Brazilian women forced into prostitution in South Korea
A group of Brazilian women who traveled to South Korea hoping to join its multibillion-dollar K-pop industry instead found themselves trafficked into prostitution, according to South Korean police.
Seven Brazilian women in their 20s and 30s were rescued from brothels after police raids last month, and five people were arrested on suspicion of arranging prostitution and trafficking women.
The women were lured to South Korea in early July, after connecting with a man on social media who offered them a free, round-trip flight ticket, a police spokesman said.
“(The) women were told they could be models, or that they would be supported to become K-pop singers,” he added.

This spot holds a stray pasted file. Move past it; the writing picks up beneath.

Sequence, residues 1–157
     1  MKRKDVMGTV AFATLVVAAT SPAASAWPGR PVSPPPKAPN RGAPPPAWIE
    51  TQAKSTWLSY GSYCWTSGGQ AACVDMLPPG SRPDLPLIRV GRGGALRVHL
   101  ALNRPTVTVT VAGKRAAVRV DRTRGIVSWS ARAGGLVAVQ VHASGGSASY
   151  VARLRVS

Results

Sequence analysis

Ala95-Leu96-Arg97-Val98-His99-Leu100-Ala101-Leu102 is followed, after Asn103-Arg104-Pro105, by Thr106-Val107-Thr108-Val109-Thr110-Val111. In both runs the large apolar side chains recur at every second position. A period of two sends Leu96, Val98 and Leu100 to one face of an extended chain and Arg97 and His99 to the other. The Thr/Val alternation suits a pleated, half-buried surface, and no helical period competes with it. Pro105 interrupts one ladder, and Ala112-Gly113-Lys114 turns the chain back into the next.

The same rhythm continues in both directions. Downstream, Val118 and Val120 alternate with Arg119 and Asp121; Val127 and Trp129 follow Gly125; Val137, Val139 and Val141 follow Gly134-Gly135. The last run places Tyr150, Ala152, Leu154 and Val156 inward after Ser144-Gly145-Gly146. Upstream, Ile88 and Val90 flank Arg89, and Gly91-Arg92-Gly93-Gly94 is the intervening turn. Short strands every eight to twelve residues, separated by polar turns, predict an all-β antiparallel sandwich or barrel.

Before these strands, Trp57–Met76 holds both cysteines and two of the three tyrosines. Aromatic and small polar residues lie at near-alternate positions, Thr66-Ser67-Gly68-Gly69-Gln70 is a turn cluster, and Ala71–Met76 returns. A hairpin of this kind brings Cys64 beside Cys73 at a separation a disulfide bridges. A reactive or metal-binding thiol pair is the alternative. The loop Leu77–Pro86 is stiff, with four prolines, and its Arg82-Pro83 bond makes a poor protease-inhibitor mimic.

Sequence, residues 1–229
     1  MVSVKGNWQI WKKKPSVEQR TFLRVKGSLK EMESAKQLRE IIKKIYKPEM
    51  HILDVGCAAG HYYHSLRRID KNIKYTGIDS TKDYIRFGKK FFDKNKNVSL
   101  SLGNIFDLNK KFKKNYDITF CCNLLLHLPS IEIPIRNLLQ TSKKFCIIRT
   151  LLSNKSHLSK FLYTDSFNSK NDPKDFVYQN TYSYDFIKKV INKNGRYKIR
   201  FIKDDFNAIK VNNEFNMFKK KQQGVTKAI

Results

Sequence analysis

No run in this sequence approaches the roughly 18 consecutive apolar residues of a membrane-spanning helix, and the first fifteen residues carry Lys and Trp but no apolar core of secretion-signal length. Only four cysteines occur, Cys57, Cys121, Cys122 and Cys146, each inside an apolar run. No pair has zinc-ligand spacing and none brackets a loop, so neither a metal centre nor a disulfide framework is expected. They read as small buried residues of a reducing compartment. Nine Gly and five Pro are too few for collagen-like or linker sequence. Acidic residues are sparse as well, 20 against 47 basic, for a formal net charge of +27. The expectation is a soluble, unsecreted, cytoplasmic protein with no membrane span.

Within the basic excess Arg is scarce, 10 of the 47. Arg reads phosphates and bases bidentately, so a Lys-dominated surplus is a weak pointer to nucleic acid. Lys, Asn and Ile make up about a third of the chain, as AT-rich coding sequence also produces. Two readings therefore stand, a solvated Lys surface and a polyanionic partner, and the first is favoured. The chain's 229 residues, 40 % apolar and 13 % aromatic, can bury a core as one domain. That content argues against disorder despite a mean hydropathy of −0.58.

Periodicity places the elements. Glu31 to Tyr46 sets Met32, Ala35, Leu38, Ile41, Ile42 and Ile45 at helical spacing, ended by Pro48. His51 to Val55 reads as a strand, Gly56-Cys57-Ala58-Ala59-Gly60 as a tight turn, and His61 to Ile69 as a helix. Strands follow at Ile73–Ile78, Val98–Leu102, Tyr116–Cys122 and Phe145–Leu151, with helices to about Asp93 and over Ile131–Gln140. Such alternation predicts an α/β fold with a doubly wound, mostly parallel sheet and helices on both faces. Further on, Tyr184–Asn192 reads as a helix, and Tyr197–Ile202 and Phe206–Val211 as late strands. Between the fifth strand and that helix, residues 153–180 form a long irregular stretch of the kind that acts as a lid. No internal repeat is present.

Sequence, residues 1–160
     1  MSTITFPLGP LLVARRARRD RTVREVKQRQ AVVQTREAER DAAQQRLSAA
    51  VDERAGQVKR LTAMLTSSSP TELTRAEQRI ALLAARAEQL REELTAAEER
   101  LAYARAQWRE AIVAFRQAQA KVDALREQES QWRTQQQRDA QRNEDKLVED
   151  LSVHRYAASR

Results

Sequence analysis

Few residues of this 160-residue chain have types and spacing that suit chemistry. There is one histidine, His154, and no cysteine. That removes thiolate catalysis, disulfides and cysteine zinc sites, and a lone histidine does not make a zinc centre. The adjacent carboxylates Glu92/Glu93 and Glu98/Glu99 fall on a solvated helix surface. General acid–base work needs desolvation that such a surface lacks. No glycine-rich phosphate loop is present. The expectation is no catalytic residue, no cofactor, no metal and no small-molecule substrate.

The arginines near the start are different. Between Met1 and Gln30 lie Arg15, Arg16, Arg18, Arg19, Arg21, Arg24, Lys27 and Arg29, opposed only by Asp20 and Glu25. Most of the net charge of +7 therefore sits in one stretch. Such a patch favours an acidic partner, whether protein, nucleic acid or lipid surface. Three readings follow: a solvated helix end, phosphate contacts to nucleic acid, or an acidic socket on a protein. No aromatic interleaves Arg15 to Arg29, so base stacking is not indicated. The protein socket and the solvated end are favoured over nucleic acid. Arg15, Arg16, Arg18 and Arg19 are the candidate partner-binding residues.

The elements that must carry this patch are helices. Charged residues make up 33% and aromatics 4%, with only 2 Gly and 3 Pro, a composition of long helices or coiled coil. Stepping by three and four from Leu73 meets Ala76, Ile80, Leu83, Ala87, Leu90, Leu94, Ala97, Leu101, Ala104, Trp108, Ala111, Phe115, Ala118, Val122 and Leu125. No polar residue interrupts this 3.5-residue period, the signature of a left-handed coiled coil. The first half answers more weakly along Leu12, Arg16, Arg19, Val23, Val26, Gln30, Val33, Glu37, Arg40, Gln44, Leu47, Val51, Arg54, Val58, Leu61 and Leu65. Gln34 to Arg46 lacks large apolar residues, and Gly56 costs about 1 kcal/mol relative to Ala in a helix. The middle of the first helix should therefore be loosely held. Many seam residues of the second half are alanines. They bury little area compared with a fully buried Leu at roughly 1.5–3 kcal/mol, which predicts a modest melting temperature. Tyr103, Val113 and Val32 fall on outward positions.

But once they arrived in South Korea, it was a different story. The women’s passports were allegedly taken from them, and they were locked in two houses in Ilsan and Paju, two cities north of Seoul. They were then allegedly sold to a massage parlor for 2 million won ($1,650) each, police said.
Police were tipped off to their situation last month, after a Brazilian woman called her embassy in South Korea asking to be rescued. Officers then raided a massage parlor in Ilsan, where they rescued three Brazilian women.
A few days later, police rescued four more women from a house in Paju. The women were moved to a shelter and seemed “traumatized,” the police official said.
Police are still investigating the extent of the scam.
“We think that there could be more people involved in the operation and possibly someone above who was organizing,” the official said, noting that it was rare to see South American victims in a sex trafficking case in South Korea.
There’s no shortage of young singers and dancers hoping to break into the highly competitive entertainment industry, and K-pop idols often undergo rigorous training from a young age.
The promise of success in this expanding industry has attracted talent from other countries, including Blackpink star Lisa, who comes from Thailand.